Almost anything! You can use automation to automatically adjust all sorts of parameters (volume, panning, sends, faders, etc.) on any track in your DAW. You can even automate changes to settings inside of plug-ins. Do you want to bypass a plug-in for a certain portion of your song? You can do that. Here are some ideas to get you started:
Automate an effect bypass on and off in certain sections of your song. This could be super useful if you want to create a delay or a long reverb tail only on a couple specific words to help emphasize them.
Automate individual plugin parameters. This can be particularly handy when creating EQ filter sweeps, or when you want to alter the delay feedback amount in a section of your song.
Automate a VCA or a bus to control the level of a group of instruments at once.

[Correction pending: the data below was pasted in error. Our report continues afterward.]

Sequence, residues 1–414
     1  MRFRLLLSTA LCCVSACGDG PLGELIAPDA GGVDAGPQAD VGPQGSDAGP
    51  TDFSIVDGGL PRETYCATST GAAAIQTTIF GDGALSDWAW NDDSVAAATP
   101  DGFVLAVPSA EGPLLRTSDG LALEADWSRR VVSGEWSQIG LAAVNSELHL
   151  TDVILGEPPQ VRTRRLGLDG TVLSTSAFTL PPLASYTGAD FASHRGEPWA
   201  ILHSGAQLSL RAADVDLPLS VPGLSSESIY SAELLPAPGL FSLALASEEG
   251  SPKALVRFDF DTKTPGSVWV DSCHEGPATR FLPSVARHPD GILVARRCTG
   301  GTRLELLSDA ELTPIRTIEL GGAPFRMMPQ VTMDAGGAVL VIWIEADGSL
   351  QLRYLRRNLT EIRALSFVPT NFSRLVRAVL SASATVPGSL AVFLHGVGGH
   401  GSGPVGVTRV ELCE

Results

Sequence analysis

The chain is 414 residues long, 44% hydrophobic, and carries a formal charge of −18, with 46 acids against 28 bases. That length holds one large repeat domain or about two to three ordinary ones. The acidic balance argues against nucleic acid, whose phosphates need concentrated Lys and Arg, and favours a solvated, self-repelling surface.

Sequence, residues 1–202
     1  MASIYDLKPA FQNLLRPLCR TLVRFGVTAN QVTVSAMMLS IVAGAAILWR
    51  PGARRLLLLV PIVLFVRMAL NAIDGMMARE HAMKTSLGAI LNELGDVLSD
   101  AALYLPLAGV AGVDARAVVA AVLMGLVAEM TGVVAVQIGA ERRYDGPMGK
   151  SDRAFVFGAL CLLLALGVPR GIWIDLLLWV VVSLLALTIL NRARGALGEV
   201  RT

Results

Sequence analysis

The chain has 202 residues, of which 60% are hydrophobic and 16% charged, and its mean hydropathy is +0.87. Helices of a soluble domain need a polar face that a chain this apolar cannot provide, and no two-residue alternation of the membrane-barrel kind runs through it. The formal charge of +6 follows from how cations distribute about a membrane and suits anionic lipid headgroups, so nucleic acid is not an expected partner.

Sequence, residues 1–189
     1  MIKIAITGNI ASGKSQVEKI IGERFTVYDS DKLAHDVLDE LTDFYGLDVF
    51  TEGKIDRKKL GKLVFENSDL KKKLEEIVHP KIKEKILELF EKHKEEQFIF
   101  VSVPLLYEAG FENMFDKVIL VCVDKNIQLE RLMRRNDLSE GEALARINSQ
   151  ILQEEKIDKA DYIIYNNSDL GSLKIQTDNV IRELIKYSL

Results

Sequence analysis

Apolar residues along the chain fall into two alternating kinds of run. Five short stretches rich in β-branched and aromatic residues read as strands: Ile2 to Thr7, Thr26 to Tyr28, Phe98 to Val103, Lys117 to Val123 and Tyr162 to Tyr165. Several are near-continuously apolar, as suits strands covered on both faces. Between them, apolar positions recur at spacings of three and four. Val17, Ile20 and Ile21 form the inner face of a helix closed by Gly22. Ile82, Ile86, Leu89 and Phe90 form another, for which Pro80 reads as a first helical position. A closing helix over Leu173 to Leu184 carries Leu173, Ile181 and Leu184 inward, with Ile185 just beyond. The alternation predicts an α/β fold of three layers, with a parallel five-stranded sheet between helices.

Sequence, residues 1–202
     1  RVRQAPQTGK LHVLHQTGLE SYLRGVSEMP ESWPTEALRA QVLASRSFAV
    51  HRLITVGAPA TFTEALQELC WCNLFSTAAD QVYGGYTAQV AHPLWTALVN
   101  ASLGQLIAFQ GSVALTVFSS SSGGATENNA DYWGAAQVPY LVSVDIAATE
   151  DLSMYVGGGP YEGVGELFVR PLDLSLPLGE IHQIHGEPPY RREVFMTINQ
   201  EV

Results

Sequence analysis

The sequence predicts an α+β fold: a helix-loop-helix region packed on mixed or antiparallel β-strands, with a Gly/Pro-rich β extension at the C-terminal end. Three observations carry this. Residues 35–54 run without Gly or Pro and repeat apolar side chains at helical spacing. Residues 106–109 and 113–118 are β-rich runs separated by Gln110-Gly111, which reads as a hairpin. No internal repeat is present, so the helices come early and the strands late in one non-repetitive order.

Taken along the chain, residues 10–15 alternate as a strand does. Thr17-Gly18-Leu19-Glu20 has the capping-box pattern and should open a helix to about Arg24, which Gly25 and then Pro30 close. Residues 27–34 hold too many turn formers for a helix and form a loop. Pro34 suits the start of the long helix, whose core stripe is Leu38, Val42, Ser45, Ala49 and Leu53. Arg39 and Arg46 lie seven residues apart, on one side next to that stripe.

Automate the master fader to create a fade out for the end of your song.
Yes! Almost all modern DAWs allow you to perform virtually limitless amounts of automation at the same time. So, for example, you can have the reverb send amount fade out to 0 over the course of two bars, and at the same time have the volume, the compression threshold and the delay mix amount adjusted.
Use automation any time you want to adjust a parameter on any track or in any plug-in in your song. If you want this adjustment to happen over time every time you play over that section of the song, you should use automation for it.
In most DAWs you have three main options for recording automation:
You can draw it in manually using your mouse
You can perform your changes by moving the fader/knob/button directly on the channel strip or in a plug-in
You can perform your changes using an assigned knob/fader/button on a MIDI controller and have your DAW record those adjustments.